Why should we care about whether AATs work? After all, if children seem to enjoy them and parents are willing to pay for them, why worry? There are at least three reasons. First, AATs can produce what economists term “opportunity costs”—the time, money and effort expended in seeking out ineffective treatments. Because of such costs, parents and children may forfeit the chance to seek out effective treatments. In the case of DAT, opportunity costs are far from trivial because treatments frequently cost $3,000 to $5,000, not including the price of travel and lodging. Second, at least some AATs may be physically hazardous. For example, in DAT it is not legally required that dolphins be screened for infectious diseases. Moreover, there have been multiple reports of children injured by dolphins in DAT sessions. Third, some AATs result in largely unappreciated costs to the animals themselves. For example, removing dolphins from the wild for transfer to DAT facilities not only separates them from their families but also often results in the death of many dolphins within each pod.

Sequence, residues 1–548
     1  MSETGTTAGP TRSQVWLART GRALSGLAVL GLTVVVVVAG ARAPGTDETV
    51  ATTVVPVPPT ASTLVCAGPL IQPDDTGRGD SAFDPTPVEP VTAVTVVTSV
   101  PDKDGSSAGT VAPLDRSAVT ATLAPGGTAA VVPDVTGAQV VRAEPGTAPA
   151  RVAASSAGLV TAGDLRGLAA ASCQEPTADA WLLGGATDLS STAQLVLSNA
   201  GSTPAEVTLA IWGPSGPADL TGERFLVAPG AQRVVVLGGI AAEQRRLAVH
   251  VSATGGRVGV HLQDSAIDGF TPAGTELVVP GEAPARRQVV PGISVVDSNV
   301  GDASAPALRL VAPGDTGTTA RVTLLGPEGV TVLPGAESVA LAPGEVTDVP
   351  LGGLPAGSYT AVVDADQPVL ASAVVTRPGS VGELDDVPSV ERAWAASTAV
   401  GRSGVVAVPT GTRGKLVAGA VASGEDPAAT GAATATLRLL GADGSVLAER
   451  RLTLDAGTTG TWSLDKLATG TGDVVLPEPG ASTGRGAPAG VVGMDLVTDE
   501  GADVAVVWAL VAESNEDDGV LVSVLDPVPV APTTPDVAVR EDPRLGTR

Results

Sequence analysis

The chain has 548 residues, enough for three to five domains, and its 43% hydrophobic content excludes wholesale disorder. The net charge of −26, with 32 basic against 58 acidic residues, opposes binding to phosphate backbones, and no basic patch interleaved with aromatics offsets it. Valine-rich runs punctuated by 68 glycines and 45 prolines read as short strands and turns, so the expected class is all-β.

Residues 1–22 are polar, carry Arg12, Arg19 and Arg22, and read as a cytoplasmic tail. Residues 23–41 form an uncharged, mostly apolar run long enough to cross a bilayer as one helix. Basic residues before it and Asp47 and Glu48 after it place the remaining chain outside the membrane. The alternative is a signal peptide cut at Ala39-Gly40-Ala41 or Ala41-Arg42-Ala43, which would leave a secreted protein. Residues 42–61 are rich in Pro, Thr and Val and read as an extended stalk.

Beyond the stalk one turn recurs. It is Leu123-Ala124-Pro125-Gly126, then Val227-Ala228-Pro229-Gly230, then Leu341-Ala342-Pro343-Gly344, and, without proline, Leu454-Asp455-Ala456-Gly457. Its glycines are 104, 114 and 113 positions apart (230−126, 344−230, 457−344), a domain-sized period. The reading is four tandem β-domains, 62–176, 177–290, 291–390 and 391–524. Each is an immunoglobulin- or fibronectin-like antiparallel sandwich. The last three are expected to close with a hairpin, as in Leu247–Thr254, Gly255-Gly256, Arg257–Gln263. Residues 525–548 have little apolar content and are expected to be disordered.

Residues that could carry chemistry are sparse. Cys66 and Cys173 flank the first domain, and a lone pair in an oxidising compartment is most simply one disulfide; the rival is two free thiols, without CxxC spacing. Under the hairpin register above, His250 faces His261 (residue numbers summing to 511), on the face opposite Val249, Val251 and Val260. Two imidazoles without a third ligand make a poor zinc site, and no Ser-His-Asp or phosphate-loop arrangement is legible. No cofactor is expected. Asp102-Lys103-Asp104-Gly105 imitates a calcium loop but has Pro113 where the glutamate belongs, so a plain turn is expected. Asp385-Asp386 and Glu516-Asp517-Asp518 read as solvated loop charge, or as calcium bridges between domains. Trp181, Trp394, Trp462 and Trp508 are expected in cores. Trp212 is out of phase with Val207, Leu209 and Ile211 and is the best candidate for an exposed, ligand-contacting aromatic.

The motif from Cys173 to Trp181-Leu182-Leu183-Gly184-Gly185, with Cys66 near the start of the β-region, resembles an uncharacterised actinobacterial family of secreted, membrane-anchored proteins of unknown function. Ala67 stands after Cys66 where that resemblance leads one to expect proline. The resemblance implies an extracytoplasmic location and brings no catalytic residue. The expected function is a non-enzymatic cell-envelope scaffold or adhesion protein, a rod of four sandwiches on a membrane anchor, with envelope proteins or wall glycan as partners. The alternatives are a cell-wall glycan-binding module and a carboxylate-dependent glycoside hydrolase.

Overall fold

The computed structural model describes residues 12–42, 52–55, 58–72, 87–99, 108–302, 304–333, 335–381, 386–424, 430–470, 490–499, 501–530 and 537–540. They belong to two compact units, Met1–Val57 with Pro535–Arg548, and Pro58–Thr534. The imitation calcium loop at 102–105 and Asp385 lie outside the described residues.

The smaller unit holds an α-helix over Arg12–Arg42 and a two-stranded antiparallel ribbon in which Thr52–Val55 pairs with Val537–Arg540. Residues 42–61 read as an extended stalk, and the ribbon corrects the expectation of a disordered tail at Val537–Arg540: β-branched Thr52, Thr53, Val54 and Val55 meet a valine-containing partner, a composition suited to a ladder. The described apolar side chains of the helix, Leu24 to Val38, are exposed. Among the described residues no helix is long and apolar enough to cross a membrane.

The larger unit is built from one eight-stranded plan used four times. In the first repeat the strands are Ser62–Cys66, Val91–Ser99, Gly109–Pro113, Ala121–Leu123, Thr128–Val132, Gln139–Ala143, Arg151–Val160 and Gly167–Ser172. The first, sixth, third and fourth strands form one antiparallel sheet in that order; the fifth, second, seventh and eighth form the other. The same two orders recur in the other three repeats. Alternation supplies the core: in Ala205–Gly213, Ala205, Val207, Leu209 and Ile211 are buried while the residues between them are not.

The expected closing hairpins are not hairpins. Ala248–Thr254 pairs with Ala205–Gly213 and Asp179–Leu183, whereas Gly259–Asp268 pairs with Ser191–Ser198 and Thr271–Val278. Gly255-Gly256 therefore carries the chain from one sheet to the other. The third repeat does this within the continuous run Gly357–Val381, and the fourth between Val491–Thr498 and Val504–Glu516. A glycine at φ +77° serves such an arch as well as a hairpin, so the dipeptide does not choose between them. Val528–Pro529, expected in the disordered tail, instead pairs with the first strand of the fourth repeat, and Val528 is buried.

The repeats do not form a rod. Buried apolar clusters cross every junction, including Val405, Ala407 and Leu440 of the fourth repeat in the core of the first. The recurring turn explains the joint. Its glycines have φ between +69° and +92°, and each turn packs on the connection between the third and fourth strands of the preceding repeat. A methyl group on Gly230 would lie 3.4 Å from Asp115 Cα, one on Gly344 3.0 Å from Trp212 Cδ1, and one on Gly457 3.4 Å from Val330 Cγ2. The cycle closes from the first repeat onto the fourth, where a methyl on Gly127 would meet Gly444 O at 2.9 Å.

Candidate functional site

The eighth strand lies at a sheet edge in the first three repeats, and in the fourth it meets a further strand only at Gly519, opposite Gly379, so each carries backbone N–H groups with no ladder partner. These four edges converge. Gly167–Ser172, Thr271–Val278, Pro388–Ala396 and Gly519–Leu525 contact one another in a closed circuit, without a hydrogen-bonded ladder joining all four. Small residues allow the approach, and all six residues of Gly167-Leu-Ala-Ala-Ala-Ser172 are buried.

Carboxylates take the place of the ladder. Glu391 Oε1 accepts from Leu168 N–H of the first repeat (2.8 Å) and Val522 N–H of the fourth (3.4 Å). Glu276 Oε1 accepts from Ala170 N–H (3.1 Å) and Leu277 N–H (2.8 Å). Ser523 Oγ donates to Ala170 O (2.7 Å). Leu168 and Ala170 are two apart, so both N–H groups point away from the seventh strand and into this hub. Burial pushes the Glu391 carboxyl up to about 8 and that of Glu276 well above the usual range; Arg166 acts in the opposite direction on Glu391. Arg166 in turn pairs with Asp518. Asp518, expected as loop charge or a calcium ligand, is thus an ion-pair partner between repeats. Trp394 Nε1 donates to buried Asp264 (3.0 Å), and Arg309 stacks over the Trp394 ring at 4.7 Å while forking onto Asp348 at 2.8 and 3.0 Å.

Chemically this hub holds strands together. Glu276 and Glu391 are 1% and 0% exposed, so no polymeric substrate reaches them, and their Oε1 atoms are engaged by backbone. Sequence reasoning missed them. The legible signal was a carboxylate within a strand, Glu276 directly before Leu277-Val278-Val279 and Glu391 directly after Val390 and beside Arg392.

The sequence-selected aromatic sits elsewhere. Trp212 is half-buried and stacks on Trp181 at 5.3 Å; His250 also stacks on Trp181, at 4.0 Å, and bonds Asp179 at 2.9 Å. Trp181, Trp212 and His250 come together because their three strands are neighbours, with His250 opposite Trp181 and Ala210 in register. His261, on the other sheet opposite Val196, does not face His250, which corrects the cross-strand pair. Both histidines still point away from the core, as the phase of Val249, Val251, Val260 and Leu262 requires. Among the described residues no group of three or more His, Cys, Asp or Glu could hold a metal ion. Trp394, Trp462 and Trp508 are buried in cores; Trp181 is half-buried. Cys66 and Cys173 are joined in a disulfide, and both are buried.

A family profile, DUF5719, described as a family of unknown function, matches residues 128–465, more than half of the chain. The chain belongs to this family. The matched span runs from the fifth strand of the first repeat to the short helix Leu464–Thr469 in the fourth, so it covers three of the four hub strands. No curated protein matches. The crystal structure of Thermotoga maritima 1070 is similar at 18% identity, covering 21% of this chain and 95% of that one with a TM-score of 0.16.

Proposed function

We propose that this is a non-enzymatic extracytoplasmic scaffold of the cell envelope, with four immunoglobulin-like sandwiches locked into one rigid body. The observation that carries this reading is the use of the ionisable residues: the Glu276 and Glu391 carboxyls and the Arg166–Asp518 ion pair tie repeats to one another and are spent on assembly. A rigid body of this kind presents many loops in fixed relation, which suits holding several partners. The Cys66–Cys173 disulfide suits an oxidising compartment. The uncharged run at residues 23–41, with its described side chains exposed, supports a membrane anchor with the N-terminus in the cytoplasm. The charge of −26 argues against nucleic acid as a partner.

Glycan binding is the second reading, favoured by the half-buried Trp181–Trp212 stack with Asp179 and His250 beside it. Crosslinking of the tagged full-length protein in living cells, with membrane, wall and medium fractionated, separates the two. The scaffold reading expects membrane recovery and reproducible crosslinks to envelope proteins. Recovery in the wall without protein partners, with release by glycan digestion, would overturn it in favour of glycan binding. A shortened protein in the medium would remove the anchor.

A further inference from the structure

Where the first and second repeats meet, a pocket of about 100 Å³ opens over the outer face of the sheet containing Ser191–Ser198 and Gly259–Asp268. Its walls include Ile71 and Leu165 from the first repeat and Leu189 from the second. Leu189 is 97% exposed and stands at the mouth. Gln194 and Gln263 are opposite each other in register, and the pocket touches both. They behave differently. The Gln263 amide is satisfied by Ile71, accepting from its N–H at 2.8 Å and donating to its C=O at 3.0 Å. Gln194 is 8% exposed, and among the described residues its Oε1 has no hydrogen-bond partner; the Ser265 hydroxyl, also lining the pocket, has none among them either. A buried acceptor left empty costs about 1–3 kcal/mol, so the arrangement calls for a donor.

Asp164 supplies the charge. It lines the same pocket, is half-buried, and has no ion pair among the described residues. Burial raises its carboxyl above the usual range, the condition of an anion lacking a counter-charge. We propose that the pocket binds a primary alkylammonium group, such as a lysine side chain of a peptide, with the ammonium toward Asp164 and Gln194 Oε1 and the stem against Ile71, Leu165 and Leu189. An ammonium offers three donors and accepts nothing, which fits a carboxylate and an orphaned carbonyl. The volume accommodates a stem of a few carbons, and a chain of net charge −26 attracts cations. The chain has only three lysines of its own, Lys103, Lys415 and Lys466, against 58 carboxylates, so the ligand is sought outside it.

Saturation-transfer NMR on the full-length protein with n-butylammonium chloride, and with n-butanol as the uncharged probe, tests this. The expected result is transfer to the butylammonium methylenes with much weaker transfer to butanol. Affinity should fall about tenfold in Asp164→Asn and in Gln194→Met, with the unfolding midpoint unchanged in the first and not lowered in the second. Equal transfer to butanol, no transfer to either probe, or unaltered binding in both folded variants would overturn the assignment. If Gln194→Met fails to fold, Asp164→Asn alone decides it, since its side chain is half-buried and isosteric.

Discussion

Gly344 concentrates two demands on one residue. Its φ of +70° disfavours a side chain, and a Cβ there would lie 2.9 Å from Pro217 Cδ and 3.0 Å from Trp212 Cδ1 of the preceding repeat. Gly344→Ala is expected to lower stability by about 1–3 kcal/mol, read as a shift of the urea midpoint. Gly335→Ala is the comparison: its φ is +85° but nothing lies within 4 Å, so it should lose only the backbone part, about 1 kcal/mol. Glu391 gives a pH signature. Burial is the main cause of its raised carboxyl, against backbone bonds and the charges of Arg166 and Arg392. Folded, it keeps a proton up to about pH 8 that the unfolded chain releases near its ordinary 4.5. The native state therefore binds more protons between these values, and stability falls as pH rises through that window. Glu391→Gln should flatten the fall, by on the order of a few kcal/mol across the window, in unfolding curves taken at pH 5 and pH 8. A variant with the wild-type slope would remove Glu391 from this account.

So, to the bottom line: Are animals good for our psychological and physical health? Undoubtedly, many animals can be valued companions and provide social support; they can also make us feel better in the short term. It is possible that pets can be of particular help to people with depression or to children who have been severely neglected—for whom loneliness and lack of social support are often common problems.
Still, further research will be needed to investigate this possibility. Moreover, whether animals—including dolphins—produce long-term changes in the core symptoms of other psychological conditions, such as autism, developmental disabilities or anxiety disorders, is another matter altogether. To this question, we must reserve the verdict sometimes delivered in Scottish courts: “unproven.”